"Lilly has been accused of a years-long scheme to persuade doctors to prescribe Zyprexa to two categories of patients — children and the elderly — for whom the drug was not federally approved and in whom its use was especially risky."
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By GARDINER HARRIS
January 14, 2009
Eli Lilly, the drug company, is expected to agree as soon as Thursday to pay $1.4 billion to settle criminal and civil charges that it illegally marketed its blockbuster antipsychotic drug Zyprexa for unauthorized use in patients particularly vulnerable to its risky side effects.
The amount of the settlement is a record sum for so-called corporate whistleblower cases, which are federal lawsuits prompted by tips from company employees or former employees. Details of the agreement were provided by people involved in the negotiations.
Among the charges, Lilly has been accused of a years-long scheme to persuade doctors to prescribe Zyprexa to two categories of patients — children and the elderly — for whom the drug was not federally approved and in whom its use was especially risky.
In one marketing effort, the company urged geriatricians to use Zyprexa to sedate unruly nursing home patients so as to reduce “nursing time and effort,” according to court documents. Like other antipsychotics, Zyprexa increases the risks of sudden death, heart failure and life-threatening infections like pneumonia in elderly patients with dementia-related psychosis.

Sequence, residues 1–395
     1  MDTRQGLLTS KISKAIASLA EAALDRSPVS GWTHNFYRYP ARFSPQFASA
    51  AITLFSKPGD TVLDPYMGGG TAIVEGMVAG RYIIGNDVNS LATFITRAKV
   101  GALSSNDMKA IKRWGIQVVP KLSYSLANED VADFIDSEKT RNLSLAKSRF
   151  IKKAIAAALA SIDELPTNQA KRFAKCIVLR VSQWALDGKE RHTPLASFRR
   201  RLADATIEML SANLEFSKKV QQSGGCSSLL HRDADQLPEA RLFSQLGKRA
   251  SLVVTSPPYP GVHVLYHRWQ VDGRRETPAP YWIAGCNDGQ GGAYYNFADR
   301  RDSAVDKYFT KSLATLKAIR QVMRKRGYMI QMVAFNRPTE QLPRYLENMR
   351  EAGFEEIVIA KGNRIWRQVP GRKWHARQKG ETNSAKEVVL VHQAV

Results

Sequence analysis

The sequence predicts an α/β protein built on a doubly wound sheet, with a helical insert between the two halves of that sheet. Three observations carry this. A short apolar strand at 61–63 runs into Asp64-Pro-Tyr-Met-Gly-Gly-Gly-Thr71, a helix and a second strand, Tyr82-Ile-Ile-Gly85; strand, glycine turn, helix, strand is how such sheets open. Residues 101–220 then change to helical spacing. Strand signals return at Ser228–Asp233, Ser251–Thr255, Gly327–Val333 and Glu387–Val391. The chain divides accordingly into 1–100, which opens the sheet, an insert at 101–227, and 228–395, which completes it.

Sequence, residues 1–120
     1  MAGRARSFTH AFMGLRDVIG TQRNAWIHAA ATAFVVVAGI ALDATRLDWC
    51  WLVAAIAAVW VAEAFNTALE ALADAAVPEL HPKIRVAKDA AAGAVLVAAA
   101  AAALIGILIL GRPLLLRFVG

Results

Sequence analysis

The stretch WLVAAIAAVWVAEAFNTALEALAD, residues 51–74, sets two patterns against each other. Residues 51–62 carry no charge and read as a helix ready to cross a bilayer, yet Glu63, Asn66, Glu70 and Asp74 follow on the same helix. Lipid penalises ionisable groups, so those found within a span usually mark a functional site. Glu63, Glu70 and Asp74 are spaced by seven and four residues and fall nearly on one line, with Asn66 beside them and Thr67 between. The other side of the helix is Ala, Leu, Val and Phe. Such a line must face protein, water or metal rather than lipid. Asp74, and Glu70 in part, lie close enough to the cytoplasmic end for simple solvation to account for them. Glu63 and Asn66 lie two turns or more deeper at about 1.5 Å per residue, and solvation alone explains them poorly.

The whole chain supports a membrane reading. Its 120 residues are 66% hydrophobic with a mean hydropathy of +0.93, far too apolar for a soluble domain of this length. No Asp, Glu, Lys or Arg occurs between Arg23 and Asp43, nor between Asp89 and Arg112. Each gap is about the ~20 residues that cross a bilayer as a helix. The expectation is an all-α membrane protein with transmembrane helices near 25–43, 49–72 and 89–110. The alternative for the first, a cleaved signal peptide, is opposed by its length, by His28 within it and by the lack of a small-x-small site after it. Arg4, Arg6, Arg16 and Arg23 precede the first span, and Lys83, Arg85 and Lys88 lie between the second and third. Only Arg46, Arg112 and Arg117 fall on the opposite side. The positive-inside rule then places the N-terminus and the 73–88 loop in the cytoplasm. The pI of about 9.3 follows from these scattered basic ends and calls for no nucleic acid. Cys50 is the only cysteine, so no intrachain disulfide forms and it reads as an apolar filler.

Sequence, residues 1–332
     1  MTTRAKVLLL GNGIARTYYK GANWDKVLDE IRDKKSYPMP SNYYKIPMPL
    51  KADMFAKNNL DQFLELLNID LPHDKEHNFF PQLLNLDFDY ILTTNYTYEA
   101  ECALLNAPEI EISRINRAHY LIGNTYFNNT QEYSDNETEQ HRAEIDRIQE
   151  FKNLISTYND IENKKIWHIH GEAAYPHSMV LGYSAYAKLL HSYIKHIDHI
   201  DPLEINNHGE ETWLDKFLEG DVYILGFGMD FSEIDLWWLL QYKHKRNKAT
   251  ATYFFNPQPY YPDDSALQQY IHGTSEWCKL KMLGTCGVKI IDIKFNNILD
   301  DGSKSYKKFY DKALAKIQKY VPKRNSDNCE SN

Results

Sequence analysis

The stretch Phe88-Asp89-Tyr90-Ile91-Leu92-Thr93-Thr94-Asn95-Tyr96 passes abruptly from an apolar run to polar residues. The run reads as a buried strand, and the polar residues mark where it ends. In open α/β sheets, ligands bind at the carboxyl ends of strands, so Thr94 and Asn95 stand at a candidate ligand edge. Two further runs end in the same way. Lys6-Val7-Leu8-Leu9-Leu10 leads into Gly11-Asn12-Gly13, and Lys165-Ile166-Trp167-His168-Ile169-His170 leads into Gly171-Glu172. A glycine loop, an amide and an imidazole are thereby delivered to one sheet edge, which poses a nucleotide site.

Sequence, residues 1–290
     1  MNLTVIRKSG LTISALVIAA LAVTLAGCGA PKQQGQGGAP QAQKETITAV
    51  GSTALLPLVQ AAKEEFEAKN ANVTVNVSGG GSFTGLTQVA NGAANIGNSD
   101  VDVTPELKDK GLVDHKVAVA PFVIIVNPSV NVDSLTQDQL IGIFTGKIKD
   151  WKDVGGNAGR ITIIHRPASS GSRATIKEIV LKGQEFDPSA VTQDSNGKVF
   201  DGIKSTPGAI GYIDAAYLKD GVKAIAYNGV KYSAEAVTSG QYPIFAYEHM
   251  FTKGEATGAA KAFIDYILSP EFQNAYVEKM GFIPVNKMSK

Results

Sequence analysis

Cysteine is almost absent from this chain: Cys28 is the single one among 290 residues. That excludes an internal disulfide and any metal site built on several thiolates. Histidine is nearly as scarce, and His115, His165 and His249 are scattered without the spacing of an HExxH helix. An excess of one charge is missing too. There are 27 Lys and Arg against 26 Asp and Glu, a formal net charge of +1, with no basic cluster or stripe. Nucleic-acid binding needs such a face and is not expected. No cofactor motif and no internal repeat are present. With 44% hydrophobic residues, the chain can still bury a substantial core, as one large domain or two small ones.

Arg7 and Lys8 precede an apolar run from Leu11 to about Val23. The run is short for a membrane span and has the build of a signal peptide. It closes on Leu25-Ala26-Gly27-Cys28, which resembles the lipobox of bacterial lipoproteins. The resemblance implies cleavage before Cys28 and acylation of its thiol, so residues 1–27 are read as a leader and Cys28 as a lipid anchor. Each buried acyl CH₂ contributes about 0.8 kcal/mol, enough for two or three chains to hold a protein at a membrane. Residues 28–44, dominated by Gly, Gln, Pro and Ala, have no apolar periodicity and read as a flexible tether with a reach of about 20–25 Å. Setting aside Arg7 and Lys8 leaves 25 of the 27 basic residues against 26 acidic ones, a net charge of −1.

The company also pressed pediatricians and family practice doctors to treat disruptive children with Zyprexa, court documents show, even though the medicine’s tendency to cause severe weight gain and metabolic disorders is particularly pronounced in children. Over the last decade, Zyprexa’s use in children has soared.
The case is being prosecuted by the United States Attorney’s Office for the Eastern District of Pennsylvania. Patricia Hartman, a spokeswoman for the office, declined to comment.
Angela Sekson, a Lilly spokeswoman, said she could not comment on the status of the Zyprexa negotiations. Last fall, the company, anticipating a settlement, had set aside $1.4 billion for that purpose.
Lilly executives have for years insisted that the company’s Zyprexa marketing efforts were legal and appropriate. When asked whether she could repeat those assurances, Ms. Sekson said, "It would be inappropriate for me to comment further right now."
It could not be confirmed on Wednesday whether the company will acknowledge wrongdoing as part of the settlement. Without a settlement, Lilly risks being barred from participating in the federal Medicaid and Medicare programs — a huge part of its business — even though such bans almost unheard of for big drug makers because their products are considered so essential.